Backing up and restoring DynamoDB tables with DynamoDB: How it works - Amazon DynamoDB

Backing up and restoring DynamoDB tables with DynamoDB: How it works

You can use the DynamoDB on-demand backup feature to create full backups of your Amazon DynamoDB tables. This feature is available independently from AWS backup. This section provides an overview of what happens during the DynamoDB backup and restore process.


When you create an on-demand backup with DynamoDB, a time marker of the request is cataloged. The backup is created asynchronously by applying all changes until the time of the request to the last full table snapshot. DynamoDB backup requests are processed instantaneously and become available for restore within minutes.


Each time you create an on-demand backup, the entire table data is backed up. There is no limit to the number of on-demand backups that can be taken.

All backups in DynamoDB work without consuming any provisioned throughput on the table.

DynamoDB backups do not guarantee causal consistency across items; however, the skew between updates in a backup is usually much less than a second.

While a backup is in progress, you can't do the following:

  • Pause or cancel the backup operation.

  • Delete the source table of the backup.

  • Disable backups on a table if a backup for that table is in progress.

If you don't want to create scheduling scripts and cleanup jobs, you can use AWS Backup to create backup plans with schedules and retention policies for your DynamoDB tables. AWS Backup runs the backups and deletes them when they expire. For more information, see the AWS Backup Developer Guide.

In addition to AWS Backup, you can schedule periodic or future backups by using AWS Lambda functions. For more information, see the blog post A serverless solution to schedule your Amazon DynamoDB On-Demand backup.

If you're using the console, any backups created using AWS Backup are listed on the Backups tab with the Backup type set to AWS.


You can't delete backups marked with a Backup type of AWS using the DynamoDB console. To manage these backups, use the AWS Backup console.

To learn how to perform a backup, see Backing up a DynamoDB table.


You restore a table without consuming any provisioned throughput on the table. You can do a full table restore from your DynamoDB backup, or you can configure the destination table settings. When you do a restore, you can change the following table settings:

  • Global secondary indexes (GSIs)

  • Local secondary indexes (LSIs)

  • Billing mode

  • Provisioned read and write capacity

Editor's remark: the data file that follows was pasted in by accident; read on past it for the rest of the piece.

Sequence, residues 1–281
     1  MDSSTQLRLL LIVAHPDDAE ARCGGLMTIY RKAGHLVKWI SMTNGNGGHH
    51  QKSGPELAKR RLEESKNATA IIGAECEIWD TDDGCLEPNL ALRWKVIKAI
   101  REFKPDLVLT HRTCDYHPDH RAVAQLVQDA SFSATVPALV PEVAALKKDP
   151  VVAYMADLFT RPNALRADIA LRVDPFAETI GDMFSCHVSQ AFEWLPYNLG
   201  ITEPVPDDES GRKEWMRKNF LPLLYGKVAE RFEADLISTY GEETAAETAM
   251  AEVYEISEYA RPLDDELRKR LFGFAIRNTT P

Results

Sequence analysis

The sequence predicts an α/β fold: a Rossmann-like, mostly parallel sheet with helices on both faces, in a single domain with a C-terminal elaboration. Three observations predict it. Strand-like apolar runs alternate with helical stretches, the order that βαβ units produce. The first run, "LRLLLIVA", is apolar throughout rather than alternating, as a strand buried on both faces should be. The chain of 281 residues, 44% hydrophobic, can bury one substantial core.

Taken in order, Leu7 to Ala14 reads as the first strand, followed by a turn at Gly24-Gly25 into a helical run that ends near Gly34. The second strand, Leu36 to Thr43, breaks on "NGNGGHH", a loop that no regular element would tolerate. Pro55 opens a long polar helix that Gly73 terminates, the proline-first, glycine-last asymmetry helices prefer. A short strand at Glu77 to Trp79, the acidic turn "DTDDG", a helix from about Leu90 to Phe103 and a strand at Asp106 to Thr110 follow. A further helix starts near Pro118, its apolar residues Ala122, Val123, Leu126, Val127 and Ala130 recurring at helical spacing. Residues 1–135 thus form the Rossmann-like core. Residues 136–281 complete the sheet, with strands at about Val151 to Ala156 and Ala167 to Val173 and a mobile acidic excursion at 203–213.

• Encryption settings


When you do a full table restore, the destination table is set with the same provisioned read capacity units and write capacity units as the source table, as recorded at the time the backup was requested. The restore process also restores the local secondary indexes and the global secondary indexes.

You can also restore your DynamoDB table data across AWS Regions such that the restored table is created in a different Region from where the backup resides. You can do cross-Region restores between AWS commercial Regions, AWS China Regions, and AWS GovCloud (US) Regions. You pay only for the data that you transfer out of the source Region and for restoring to a new table in the destination Region.

Restores can be faster and more cost-efficient if you choose to exclude some or all secondary indexes from being created on the new restored table.

You must manually set up the following on the restored table:

  • Auto scaling policies

  • AWS Identity and Access Management (IAM) policies

  • Amazon CloudWatch metrics and alarms

  • Tags

  • Stream settings

  • Time to Live (TTL) settings

  • Deletion protection settings

  • Point in time recovery (PITR) settings

You can only restore the entire table data to a new table from a backup. You can write to the restored table only after it becomes active.


You can't overwrite an existing table during a restore operation.

Service metrics show that 95 percent of customers' table restores complete in less than one hour. However, restore times are directly related to the configuration of your tables (such as the size of your tables and the number of underlying partitions) and other related variables. A best practice when planning for disaster recovery is to regularly document average restore completion times and establish how these times affect your overall Recovery Time Objective.

To learn how to perform a restore, see Restoring a DynamoDB table from a backup.

You can use IAM policies for access control. For more information, see Using IAM with DynamoDB backup and restore.

All backup and restore console and API actions are captured and recorded in AWS CloudTrail for logging, continuous monitoring, and auditing.